Aura has long been a perplexing issue in migraine. Primarily viewed as a prodromal sign of migraine in some patients some of the time, aura has been largely overlooked in clinical trials that tend to enroll patients with migraine with and without aura.1 However, new evidence increasingly points to migraine with aura as a separate entity from migraine without aura, with important pathologic differences.
The most recent definition of migraine aura by the International Classification of Headache Disorders-3 (ICHD-3) is from 2018,2 and cites “recurrent attacks, lasting minutes, of unilateral fully reversible visual, sensory, or other central nervous system symptoms that usually develop gradually and are usually followed by headache and associated migraine symptoms.”
As many as one-third of patients with migraine may experience aura (prevalence estimated at 20%-40% of all people with migraine), although most do not experience aura with every migraine.1,3 The clinical manifestation of auras varies among patients, and between attacks in the same patient. Most (99%) patients experience visual distortions at least some of the time, as well as sensory, speech/language, motor function symptoms, and alterations of cortical function.1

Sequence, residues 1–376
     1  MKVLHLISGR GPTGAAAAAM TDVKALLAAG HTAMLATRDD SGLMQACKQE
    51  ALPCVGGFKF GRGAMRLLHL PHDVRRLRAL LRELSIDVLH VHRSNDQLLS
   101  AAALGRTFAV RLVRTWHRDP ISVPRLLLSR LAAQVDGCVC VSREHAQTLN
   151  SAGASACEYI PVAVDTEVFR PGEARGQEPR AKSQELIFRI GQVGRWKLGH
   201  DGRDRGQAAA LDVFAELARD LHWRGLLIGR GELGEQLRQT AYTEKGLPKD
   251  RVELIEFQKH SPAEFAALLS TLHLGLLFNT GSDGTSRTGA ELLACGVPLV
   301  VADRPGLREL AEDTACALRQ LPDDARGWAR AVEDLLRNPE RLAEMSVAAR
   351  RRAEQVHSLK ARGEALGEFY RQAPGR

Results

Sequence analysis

Migraine with aura has not been well studied compared with migraine without aura, and participants with both types of migraine are generally accepted into the same clinical trials.1 This may be in large part because there is a lower prevalence of migraine with aura, but also because of the difficulty of examining the aura event itself.4
Although patients with aura are more likely to be referred for computed tomography scanning, images rarely capture aura, as researchers have yet to find a dependable means to predict or trigger the phenomenon.5-7 In addition, the short duration of auras (usually lasting <60 minutes) prevents the opportunity to obtain a scan when the event occurs.4
Among imaging studies that have been done, white matter abnormalities were detected at 4 times the rates in patients with total migraine compared with the general population, but no significant differences in structural brain changes were observed between migraine with aura and migraine without aura.1